I have a client-side Javascript framework that is publicly available and BSD licensed. Each file says it is copyright me, the date, all rights reserved, and the BSD license text.

I am making a project which uses - and adapts and makes code changes to - my BSD licensed framework. Although obviously browsers will download and execute this code, I don't want to BSD license my derived project. I don't object to people seeing my code, but I don't want them to cut-n-paste and make derivatives of my project.

What boilerplate text do I put at the top of each file?

I would like to include a link to my BSD-licensed framework too. How should I phrase that?

2 Answers 2


"All rights reserved"

Advertisements can come in the flavor of "if you enjoyed this work or want BSD-licensed version, go see LINK".

And remember, you can't strip the BSD license unless you own all of it. If you took BSD code, made changes to it, then you don't have the right to dual license it. You'd need to get the permission from every author who contributed to it.


There are two kinds of code here: Your code, and someone else's code.

The code that YOU wrote is yours. You can mark it any way you want.

The code that someone ELSE wrote, that you included in your project, is NOT yours. This includes code that you modified, as opposed to originated. You got that code under the terms of their license, presumably BSD, and you are required by law to continue to observe the terms of their license.

Among other things, that means that you can't change the copyright notice and license on their code.

Having said all that, here's the ground reality. There exist scumbags. The scumbags will grab your code, regardless of your notices, remove the notices, file off the serial numbers, and do what they want. When and if you discover what one scumbag did, you will have the opportunity to spend thousands or tens of thousands of dollars going after him. While you are going after him, fifty other scumbags will be doing the same thing.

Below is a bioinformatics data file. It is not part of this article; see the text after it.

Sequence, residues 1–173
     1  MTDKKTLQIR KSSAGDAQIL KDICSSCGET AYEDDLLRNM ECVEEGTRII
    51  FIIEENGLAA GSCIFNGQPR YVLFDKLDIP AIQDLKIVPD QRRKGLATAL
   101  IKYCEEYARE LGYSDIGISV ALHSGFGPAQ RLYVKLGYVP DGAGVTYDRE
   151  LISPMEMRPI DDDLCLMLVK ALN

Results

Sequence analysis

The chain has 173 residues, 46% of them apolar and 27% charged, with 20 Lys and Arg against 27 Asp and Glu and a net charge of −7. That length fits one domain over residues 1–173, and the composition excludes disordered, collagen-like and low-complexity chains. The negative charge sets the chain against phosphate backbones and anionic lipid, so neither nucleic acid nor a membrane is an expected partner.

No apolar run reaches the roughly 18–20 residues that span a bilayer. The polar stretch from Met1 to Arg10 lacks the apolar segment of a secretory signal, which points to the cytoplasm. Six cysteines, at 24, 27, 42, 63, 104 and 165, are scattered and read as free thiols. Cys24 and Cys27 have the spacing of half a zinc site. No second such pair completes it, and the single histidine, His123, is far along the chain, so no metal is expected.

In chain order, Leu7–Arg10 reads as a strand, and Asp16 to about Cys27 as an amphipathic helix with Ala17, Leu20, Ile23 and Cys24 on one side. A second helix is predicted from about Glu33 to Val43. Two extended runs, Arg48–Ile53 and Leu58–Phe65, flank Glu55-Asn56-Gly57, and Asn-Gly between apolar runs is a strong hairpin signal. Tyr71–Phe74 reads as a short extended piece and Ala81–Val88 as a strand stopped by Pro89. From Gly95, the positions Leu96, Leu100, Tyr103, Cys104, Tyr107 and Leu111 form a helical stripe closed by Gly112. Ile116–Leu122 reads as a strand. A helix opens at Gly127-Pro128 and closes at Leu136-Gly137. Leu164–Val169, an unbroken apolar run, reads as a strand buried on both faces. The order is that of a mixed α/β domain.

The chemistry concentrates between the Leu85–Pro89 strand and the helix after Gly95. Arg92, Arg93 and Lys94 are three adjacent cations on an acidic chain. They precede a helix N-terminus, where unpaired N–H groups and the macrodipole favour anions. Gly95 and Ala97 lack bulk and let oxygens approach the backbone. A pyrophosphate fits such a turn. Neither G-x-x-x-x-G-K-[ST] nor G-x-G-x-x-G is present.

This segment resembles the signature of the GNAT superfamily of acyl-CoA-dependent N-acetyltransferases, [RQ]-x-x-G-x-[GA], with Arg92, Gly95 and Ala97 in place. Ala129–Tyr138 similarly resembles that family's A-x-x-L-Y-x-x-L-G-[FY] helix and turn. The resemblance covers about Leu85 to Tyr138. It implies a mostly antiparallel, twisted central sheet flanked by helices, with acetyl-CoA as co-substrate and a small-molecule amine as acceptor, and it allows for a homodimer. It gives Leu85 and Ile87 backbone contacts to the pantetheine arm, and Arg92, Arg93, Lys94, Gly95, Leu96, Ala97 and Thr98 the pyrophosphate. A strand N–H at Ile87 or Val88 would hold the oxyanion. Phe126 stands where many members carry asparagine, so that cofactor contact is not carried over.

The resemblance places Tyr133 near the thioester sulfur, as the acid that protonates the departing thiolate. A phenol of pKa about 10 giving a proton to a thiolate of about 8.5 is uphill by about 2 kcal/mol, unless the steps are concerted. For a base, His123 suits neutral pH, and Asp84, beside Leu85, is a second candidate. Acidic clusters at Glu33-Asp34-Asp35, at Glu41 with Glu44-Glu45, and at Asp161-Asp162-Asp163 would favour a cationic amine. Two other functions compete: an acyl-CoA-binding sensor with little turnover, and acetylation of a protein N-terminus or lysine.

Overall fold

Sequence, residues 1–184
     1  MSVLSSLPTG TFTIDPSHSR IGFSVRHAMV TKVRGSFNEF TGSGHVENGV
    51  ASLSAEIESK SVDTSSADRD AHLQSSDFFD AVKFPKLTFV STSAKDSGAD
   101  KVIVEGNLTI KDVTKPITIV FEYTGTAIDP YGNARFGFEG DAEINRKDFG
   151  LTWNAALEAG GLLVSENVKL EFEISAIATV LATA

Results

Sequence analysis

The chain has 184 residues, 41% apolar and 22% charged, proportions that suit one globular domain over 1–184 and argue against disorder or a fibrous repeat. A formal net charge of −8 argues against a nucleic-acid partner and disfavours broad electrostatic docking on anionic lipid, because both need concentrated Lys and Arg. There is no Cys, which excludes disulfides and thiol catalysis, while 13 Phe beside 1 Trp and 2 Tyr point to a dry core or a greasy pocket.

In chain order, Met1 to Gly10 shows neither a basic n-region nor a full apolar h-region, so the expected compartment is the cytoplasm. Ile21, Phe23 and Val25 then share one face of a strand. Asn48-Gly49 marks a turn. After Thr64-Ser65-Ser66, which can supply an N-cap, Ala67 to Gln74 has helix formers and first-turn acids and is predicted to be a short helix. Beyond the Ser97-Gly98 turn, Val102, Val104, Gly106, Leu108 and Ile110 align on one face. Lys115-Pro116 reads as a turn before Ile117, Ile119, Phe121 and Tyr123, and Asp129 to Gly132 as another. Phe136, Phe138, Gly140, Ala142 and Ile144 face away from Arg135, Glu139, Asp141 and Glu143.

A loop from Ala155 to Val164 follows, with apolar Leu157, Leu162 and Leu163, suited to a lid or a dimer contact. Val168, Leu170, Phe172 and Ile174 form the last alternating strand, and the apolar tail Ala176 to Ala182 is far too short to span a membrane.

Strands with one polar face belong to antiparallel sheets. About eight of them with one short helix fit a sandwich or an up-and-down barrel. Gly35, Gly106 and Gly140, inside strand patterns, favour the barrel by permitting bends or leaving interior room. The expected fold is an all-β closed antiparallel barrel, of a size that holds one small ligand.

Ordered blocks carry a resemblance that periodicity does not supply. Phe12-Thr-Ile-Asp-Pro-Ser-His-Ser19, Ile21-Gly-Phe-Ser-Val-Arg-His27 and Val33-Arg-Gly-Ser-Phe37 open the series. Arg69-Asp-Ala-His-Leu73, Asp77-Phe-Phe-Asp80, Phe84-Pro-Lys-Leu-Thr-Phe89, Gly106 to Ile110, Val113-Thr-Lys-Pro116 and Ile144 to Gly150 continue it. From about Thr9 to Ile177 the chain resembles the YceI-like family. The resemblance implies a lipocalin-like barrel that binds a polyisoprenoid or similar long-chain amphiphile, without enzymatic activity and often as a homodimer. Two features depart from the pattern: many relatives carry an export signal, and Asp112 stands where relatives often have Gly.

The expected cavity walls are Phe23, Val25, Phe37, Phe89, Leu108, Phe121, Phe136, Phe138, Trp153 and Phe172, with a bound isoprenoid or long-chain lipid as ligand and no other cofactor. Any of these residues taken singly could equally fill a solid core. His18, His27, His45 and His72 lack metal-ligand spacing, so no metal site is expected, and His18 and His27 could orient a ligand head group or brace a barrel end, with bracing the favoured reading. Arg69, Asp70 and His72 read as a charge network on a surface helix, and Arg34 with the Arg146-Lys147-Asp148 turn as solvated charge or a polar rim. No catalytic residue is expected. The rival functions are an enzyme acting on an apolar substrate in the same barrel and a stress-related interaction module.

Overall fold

If you choose to work in an arena in which you must distribute source code, you accept that you are going to have to deal with scumbags who will ignore the law and copy your code. Client-side Javascript is inherently such an arena. If you don't want to deal with scumbags copying your code for their profit, you need to work in an arena in which you don't have to distribute source code. Deal with it.

  • Yeah, that's pretty much how it is. The only people that you can sue are a small slice of people that have enough money to justify taking it away from them, but not enough money to afford miring you in endless lawyers. It's a bit of a mess.
    – Philip
    Jul 29, 2013 at 14:43

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